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Chakmas And Hajongs Communities

Chakmas And Hajongs Communities:

The National Human Rights Commission (NHRC) in its order directed Ministry of Home Affairs and Arunachal Pradesh to submit action taken report within six weeks against alledged racial profiling and relocation of the Chakmas and Hajongs from the State.

  • Also both the authorities were directed to “ensure that human rights of the Chakmas and Hajongs are protected by all the ways”.
  • Members of the two communities have allegedly been victims of hate crime, police atrocities and denial of rights and beneficiary programmes.
  • In 2015, the Supreme Court directed the State to grant them citizenship, but this had not yet been implemented.
  • In a judgment in 1996, the Court had stated that the “life and personal liberty of every Chakma residing within the State shall be protected”.
  • In light of these orders and given that most of the Chakma/Hajong community members were born in the State and have been living peacefully, the Arunachal Pradesh Chief Minister’s announcement, in August 2021, that they would be relocated outside the State and that steps would be taken for a “census” of the communities was clearly unwarranted.
  • After that Chakma Development Foundation of India (CDFI) requested urgent intervention of the NHRC against racial profiling of 65,000 Chakma and Hajong tribals of Arunachal Pradesh through illegal census which was scheduled to commence from 31st December, 2021 (later plan of census was dropped) for their deportation / expulsion/ relocation from the State.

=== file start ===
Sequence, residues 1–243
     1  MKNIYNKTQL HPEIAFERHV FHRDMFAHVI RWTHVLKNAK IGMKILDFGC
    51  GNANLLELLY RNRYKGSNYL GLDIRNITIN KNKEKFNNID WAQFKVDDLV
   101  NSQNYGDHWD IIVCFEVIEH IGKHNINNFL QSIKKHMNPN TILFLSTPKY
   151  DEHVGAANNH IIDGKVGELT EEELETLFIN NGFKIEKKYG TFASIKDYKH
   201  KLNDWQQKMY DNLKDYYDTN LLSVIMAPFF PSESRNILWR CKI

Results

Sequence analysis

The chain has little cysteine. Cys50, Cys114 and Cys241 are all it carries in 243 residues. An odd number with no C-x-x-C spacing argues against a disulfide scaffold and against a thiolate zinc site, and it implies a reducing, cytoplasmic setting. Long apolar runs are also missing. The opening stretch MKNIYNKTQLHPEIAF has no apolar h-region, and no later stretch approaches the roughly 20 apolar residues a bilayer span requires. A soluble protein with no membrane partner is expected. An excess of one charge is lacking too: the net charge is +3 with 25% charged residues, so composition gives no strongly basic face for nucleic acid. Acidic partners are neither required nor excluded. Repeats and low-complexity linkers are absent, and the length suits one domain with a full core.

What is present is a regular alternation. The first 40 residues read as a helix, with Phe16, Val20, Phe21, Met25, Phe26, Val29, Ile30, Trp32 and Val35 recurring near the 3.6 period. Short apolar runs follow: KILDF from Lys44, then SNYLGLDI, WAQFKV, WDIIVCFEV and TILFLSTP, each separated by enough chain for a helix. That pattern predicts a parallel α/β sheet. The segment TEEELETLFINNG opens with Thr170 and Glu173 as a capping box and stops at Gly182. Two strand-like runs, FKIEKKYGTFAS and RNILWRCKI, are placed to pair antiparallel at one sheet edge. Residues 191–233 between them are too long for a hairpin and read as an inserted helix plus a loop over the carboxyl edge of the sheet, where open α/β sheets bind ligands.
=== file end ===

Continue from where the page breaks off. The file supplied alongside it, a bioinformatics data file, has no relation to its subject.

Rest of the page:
• Racial profiling is government or police activity that involves using people’s racial and cultural characteristics to identify people to investigate.

Chakmas and Hajongs:

  • Mizoram and Tripura have a sizeable population of the Buddhist Chakmas while the Hindu Hajongs mostly inhabit the Garo Hills of Meghalaya and adjoining areas of Assam.
  • The Chakmas and Hajongs of Arunachal Pradesh are migrants from the Chittagong Hill Tracts of erstwhile East Pakistan, now Bangladesh.
  • Displaced by the Kaptai dam on the Karnaphuli River in the 1960s, they sought asylum in India and were settled in relief camps in the southern and south-eastern parts of Arunachal Pradesh from 1964 to 1969.
  • A majority of them live in the Changlang district of the State (Arunachal Pradesh) today.

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